By Brad Rudner.
Though he’s no longer a competitive swimmer, Michigan alum Alon Mandel (2007-10) is still seeking out challenges. His next one is the biggest yet.
Next week, Mandel will fly halfway around the world to New Zealand where he will attempt to swim the Cook Strait, a 14-mile stretch of open water separating the north and south islands. He’s doing it to raise awareness for Parkinson’s Disease and has set up a 501(c)3 GoFundMe with the proceeds going for Parkinson’s Research.
“In the three years it took to finish my master’s thesis, I got exposed to the difficulties of living with Parkinson’s Disease through a really close friend of mine,” Mandel said via phone on Thursday. “This isn’t about how much money I’m raising. It’s about the intent.”
“People who come from cultures like Michigan’s have the energy and ability to change the world, their own world, even if it’s small. The feeling I had of representing the block M all those years ago, I wanted that again, only this time, it’s representing an idea.”
Mandel was a four-time All-American in his four years at Michigan and represented Israel at the 2008 Olympics in Beijing. After graduating, he served three years in the Israeli army and graduated with master’s degrees in environmental engineering and political sciences from Tel Aviv University.
Today, Mandel is a facilities engineer with Noble Midstream where he is responsible for two cryogenic gas plants in northeastern Colorado. He lives in Denver with his wife, Tal.
Mandel competing in open water swimming
Though he retired from competitive swimming in 2013, Mandel joined the Denver Athletic Club and stayed with the sport via Masters Swimming. At the 2015 U.S. Masters Spring National Championships, Mandel won gold medals in the 50-yard backstroke, 100-yard backstroke, 50-yard butterfly, 100-yard butterfly and 100-yard IM in the men’s 25-29 age group, in addition to setting multiple Colorado state age group records.
A sprinter in college, Mandel’s first foray into open water swimming came in 2015 when he swam across the Strait of Gibraltar, a nearly 11-mile gap between Spain and Morocco. That swim took four hours to complete.
Mandel estimates it’ll take between five and nine hours to swim the Cook Strait in 60-degree water. By comparison, when Sean Ryan swam the open water 10K at the 2016 Olympics in Rio, he completed the race in just under two hours.
Once he committed to the swim six months ago, Mandel started visiting a physical trainer once-a-week. He also swims an hour three-to-four times a week, most of them coming in the evening after work. When he started back up, his goal was to swim 10,000 meters per week, about a quarter of what he used competitively at Michigan.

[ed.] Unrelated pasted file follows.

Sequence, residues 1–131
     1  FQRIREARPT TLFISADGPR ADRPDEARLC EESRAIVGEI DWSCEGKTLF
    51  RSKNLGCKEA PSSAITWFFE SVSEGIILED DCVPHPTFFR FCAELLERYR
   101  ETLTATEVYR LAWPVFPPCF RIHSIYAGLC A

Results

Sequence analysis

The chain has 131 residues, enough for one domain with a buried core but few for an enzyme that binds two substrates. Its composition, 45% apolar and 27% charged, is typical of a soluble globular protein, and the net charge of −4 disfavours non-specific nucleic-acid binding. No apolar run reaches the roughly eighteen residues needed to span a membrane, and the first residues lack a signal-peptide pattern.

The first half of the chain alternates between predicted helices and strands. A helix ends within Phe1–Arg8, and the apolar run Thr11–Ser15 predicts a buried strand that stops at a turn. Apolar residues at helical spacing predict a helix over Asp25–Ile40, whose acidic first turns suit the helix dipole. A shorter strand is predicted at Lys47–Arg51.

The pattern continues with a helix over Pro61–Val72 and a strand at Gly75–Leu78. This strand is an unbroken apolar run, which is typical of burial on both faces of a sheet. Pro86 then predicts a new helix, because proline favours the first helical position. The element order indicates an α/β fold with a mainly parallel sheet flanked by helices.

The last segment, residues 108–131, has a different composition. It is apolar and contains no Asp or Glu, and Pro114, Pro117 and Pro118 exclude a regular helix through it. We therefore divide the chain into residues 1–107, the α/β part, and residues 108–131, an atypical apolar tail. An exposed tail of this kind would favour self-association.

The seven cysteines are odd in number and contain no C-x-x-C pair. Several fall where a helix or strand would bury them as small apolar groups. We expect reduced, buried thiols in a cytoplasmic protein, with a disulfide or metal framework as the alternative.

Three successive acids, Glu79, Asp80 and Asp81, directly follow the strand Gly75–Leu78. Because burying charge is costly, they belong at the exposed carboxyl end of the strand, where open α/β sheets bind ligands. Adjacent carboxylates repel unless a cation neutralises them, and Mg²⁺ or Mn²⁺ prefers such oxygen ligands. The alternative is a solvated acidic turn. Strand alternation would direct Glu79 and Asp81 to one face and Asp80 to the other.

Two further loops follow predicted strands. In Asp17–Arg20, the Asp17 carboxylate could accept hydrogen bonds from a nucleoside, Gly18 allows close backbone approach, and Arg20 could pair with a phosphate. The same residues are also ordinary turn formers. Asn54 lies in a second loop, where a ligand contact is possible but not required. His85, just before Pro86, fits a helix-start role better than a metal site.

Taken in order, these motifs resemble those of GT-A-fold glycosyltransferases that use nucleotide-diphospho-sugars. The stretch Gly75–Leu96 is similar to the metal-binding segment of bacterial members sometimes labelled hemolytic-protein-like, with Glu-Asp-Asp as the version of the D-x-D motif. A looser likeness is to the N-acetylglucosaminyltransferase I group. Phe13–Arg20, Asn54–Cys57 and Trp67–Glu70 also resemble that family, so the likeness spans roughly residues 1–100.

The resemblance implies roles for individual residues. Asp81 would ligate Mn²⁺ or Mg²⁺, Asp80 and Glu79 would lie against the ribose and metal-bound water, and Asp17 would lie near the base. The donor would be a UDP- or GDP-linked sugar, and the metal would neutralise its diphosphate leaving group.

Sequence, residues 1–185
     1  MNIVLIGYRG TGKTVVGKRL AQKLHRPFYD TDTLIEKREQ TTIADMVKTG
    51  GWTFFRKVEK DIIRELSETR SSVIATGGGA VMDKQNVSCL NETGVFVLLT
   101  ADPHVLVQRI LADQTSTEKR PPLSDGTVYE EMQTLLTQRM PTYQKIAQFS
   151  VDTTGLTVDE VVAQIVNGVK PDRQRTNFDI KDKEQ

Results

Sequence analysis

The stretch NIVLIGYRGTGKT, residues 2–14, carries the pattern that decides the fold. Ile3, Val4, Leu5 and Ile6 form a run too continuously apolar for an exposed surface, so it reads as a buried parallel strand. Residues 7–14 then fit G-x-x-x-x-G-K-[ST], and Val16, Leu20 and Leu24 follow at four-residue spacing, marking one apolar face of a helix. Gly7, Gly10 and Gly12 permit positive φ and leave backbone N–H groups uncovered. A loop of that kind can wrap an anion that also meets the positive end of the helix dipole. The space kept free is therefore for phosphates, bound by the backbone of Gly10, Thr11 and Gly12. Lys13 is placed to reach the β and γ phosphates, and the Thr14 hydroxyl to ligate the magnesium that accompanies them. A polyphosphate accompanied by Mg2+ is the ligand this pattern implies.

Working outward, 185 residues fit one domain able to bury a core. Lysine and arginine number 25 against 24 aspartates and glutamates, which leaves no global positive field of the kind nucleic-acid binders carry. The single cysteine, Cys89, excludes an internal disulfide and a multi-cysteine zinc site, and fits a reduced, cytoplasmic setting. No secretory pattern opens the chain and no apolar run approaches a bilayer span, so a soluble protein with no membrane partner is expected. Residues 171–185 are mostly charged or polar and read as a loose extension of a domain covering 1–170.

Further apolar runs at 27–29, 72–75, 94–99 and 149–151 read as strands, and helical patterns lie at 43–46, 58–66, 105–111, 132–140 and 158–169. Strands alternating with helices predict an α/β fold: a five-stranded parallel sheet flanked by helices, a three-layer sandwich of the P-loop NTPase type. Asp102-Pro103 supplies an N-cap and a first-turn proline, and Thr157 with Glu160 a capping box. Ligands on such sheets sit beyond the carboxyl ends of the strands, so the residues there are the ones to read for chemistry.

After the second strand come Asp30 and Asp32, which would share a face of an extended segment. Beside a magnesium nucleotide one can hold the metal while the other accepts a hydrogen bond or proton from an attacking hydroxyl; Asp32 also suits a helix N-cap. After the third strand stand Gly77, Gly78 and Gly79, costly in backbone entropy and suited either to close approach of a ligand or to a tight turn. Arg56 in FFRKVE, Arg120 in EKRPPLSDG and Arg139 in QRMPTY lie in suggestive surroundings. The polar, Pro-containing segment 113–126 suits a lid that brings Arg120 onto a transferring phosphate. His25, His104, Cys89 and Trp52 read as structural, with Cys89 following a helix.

“In training, there’s this thought that you have to swim so much to do so much,” he said. “I was mostly training my shoulders, to see if I could survive 40,000 reps. I didn’t care how long or how fast. I just wanted to see how I felt.”
But the training for a long and grueling swim is as much mental as it is physical.
“It’s very different than being in a pool,” he said. “You have to teach yourself how to not swallow salt water by mistake, and how to adapt to the water temperature and wave movement. I’m relying a lot on my background as a swimmer to shift gears. When the current is on your side, you’re in first or second gear. But when you swim against it, you have to go into fourth or fifth gear.”
There are a few unknowns. Because of the ever-changing conditions (water temperature, currents), Mandel doesn’t have a set date to swim, only that it’ll be completed by the end of April. He also doesn’t know if he’s swimming from the north island to the south island, or vice versa.
All he knows is that he’s going to do it alone, with only two boats following him for safety. The challenge — and the impact the swim can have on both himself and others — is motivation enough.
“Whether I’m successful in completing the swim or not, it doesn’t matter,” Mandel said. “I’m trying to create awareness for Parkinson’s Disease by doing this swim, and I believe I’ll be successful in that.”
— This story was contributed by The University of Michigan.